Alcohol and Weight Gain: Causes, Relationship, and Solutions

Alcohol and weight gain

Regular alcohol consumption can also lead to weight gain, which may feel like bloating. Results of a systematic review assessing extant systematic reviews, which was published by the Foundation for Alcohol Research & Education, suggested similar findings. Drugs, alcohol, and obesity are all major public health concerns in the United States. Each of these conditions can lead to serious health problems, including addiction and obesity. For example, alcohol can cause weight gain by increasing appetite and slowing down the body’s metabolism.

The Myth of the Beer Belly

Without normal digestive function, even healthy food is potentially unable to be used to benefit the body. People continue to make poor food choices the day after passing their tipping point, with an average additional intake of 2,051 calories, taking the estimated additional calorie intake to over 6,000 in two days. This refers to the amount of alcohol it takes for your inhibitions to be significantly lowered such that your energy intake substantially increases over the following 48 hours. Otherwise, keep reading as we look at the three ways alcohol can lead to higher body weight, waistline, and health problems in the long term. Abdominal bloating after drinking alcohol may be due to gastritis.

Health Categories to Explore

Instead, metabolism shifts from burning stored food calories to removing toxic waste. The primary toxic chemicals produced by alcohol are called acetaldehyde and acetate. The findings provide enough evidence to propose educational awareness to athletes and coaches regarding alcohol consumption and muscle recovery. You might be concerned about your weight and whether your alcohol intake prevents you from losing weight. You may or may not be surprised to hear that alcohol consumption can significantly affect your weight, but not necessarily in the way you might think.

Alcohol and weight gain

Added Calories in Mixers

It may not seem like a big deal, but these disruptions can be difficult to re-balance. By cutting back on binge drinking, you could inadvertently lose weight to achieve a lower body mass index (BMI) without making any other changes to your lifestyle. As well as the result of passing your tipping point, research shows that poor sleep quality following binge drinking significantly affects weight. The average additional energy intake after a person has passed their tipping point is estimated to be 4,305 extra calories that same evening – more than twice the recommended daily calorie guideline for an adult woman. Plus, most alcoholic beverages have a lot of energy but little nutritional value, which is where the term ‘empty calories’ comes from.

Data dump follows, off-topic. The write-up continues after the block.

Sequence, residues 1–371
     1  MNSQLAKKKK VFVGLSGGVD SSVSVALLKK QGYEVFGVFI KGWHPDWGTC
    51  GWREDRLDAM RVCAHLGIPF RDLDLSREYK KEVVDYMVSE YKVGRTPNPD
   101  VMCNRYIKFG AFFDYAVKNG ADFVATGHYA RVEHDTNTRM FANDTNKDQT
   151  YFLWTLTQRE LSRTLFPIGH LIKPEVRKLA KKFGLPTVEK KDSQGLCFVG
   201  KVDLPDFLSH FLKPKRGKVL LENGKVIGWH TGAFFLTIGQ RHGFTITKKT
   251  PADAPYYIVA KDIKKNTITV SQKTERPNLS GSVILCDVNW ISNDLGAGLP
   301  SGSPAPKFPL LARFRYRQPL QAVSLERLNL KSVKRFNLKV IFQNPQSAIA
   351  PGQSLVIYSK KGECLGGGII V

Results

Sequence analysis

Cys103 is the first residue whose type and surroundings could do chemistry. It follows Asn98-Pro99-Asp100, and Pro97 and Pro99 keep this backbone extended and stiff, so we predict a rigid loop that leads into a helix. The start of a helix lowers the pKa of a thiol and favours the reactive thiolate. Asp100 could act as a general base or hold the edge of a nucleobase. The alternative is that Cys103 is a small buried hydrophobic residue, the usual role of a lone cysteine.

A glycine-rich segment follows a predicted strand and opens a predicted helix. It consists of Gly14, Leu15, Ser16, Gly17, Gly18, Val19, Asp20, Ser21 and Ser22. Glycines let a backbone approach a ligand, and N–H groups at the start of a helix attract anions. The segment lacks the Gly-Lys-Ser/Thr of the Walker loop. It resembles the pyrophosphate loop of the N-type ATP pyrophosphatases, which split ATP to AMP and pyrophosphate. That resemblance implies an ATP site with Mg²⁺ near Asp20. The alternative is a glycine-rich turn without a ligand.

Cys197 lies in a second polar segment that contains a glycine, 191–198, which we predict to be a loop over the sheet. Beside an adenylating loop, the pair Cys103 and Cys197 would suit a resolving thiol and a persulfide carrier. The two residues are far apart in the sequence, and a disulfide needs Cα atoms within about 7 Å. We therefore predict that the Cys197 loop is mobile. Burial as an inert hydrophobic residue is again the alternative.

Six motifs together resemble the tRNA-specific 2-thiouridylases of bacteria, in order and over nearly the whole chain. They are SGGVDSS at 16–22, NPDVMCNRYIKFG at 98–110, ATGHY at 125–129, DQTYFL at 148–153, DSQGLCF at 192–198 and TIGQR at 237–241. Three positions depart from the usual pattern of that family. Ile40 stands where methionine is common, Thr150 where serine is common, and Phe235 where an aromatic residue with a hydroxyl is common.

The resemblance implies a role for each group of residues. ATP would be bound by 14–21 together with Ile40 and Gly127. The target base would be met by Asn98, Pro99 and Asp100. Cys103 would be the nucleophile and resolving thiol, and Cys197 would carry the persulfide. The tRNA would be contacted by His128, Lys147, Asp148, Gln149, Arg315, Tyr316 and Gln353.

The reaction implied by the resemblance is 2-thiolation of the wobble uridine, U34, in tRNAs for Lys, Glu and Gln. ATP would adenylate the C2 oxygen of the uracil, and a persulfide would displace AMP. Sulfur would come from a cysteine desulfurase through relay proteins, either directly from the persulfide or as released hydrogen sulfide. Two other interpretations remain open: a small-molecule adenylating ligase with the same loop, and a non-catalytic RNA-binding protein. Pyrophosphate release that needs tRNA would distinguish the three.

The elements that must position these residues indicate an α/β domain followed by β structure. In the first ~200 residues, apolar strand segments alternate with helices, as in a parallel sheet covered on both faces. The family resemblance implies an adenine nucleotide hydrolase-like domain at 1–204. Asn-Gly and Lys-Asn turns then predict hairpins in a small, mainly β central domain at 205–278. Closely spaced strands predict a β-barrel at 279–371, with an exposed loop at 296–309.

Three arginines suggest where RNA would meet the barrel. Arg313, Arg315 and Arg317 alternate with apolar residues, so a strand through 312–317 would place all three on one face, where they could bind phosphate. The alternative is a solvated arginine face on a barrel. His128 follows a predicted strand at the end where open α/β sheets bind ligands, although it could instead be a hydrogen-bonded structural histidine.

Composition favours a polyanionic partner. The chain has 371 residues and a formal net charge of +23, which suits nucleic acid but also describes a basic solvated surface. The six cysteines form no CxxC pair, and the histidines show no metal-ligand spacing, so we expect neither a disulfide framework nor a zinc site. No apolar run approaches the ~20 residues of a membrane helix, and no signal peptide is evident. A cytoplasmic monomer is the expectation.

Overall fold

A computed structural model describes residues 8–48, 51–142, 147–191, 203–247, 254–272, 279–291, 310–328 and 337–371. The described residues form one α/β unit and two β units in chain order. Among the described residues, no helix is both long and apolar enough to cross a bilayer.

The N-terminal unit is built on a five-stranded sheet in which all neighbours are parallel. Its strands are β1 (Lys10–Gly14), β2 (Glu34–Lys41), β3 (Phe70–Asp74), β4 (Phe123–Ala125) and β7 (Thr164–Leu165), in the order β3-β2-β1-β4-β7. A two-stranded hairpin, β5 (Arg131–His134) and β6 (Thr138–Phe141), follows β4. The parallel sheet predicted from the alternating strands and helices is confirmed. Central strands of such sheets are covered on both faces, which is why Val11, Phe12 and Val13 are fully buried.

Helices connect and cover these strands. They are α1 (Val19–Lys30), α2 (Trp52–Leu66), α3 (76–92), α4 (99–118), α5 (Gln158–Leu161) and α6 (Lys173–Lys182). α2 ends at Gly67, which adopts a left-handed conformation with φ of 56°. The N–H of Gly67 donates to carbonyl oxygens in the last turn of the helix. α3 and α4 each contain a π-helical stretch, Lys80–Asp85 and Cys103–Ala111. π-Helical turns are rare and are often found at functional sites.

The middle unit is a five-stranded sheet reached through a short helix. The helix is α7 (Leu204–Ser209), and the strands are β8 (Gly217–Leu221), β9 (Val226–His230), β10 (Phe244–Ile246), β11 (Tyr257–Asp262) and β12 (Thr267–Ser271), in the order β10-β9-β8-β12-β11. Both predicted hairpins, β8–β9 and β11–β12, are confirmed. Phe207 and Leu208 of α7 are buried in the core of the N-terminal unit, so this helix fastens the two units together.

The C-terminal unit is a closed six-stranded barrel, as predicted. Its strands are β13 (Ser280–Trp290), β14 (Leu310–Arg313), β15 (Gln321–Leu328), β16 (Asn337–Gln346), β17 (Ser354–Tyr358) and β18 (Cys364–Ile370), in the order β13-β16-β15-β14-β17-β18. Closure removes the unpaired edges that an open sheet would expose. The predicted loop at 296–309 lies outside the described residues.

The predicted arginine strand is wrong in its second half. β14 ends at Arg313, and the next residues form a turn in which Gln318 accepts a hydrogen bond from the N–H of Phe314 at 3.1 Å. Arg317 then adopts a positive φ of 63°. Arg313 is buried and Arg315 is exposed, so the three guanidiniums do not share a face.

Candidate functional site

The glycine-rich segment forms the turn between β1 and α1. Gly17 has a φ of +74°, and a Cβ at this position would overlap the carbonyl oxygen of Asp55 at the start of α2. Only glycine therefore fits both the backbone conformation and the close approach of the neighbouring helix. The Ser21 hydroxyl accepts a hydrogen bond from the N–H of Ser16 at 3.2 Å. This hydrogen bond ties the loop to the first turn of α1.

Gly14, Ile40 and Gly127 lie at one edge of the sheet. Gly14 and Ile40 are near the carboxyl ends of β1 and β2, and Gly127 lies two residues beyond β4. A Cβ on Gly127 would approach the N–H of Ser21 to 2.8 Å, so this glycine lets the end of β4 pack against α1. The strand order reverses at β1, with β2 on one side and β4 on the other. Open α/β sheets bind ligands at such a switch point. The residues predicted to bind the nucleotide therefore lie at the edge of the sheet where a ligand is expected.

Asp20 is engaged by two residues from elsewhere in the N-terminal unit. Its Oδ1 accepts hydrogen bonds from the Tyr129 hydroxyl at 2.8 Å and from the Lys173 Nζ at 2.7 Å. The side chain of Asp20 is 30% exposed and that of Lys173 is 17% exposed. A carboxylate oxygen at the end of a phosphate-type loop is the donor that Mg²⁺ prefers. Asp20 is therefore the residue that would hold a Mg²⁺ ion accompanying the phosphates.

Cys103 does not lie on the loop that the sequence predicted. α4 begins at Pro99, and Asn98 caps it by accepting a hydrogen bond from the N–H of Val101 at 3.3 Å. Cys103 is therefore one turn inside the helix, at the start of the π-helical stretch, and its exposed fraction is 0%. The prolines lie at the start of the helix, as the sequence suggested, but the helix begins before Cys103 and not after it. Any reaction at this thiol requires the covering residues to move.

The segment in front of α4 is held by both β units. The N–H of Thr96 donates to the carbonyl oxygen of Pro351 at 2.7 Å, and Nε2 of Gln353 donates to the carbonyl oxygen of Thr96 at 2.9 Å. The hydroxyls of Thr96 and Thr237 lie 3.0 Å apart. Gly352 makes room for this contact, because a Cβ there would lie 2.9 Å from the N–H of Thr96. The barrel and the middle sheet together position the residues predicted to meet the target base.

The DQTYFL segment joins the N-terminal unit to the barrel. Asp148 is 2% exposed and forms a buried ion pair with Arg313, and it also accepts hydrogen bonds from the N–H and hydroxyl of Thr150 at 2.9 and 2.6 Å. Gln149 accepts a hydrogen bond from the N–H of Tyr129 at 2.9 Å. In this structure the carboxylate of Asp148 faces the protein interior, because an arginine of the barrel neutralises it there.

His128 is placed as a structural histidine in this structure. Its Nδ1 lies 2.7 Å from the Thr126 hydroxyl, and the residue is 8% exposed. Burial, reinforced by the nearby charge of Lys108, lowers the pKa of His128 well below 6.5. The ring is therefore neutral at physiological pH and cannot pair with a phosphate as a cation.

• Other studies have found such an association only in women, while finding a positive association between obesity risk and alcohol intake in men [40].
  • One explanation is that there is a learned association between alcohol and eating; however, several experimenters disguised the presence of alcohol in their protocols and still found increased energy intake [5].
  • A recent animal study found that mice given ethanol over a period of three days demonstrated a significant increase in food intake.
  • They noted that self-reported nutrient intake and physical activity did not differ between conditions, although there may have been dietary compensation that was not accurately reported by their 3-day food logs [49].

Alcohol can contribute to excess belly fat

Alcohol and weight gain

Although there is evidence to suggest that frequent alcohol intake may predispose to weight gain or obesity over the long-term, this effect is not strongly reflected in the recent research. First, it has been found that alcohol intake increases energy expenditure, likely due in part to the fact that it has a high thermogenic effect [53]. It has also been suggested that some of the energy ingested as alcohol is ‘wasted’, due to the activation of the inefficient hepatic microsomal ethanol-oxidizing system (MEOS). The MEOS is induced through chronic alcohol intake, and the level of induction increases with increased intake [54, 67]. Oxidation of alcohol via the MEOS produces less ATP than oxidation via alcohol dehydrogenase, using the energy from alcohol intake primarily to enhance heat production [37, 54]. The extent to which wasted energy from regular alcohol consumption contributes to weight gain prevention is unclear.

What your biological age can reveal about your health

Non-Hispanic Black adults (49.6%) had the highest age-adjusted prevalence of obesity, followed by Hispanic adults (44.8%), non-Hispanic White adults (42.2%), and non-Hispanic Asian adults (17.4%). The obesity prevalence was 40.0% among adults aged 20 to 39 years, 44.8% among adults aged 40 to 59 years, and 42.8% among adults aged 60 and older. Here, a few types of alcohol with the least calories per serving, according to the National Institutes of Health (NIH). If you only enjoy flavored drinks, try adding a bit of fresh ingredients like mint or a few raspberries.

Why does alcohol cause bloating?

But recent insights show that some antidepressants are linked to an increased chance of weight gain, compared to others. Ultimately, the risk-vs-enjoyment calculus of consuming alcohol should be considered on an individual basis, does liquor make u gain weight based on your current health status, your medication use, and other factors, experts say. “I don’t think alcohol is evil by any means but it’s a riskier proposition as you get older—you have to be more cautious,” says Moore.

Alcohol and weight gain

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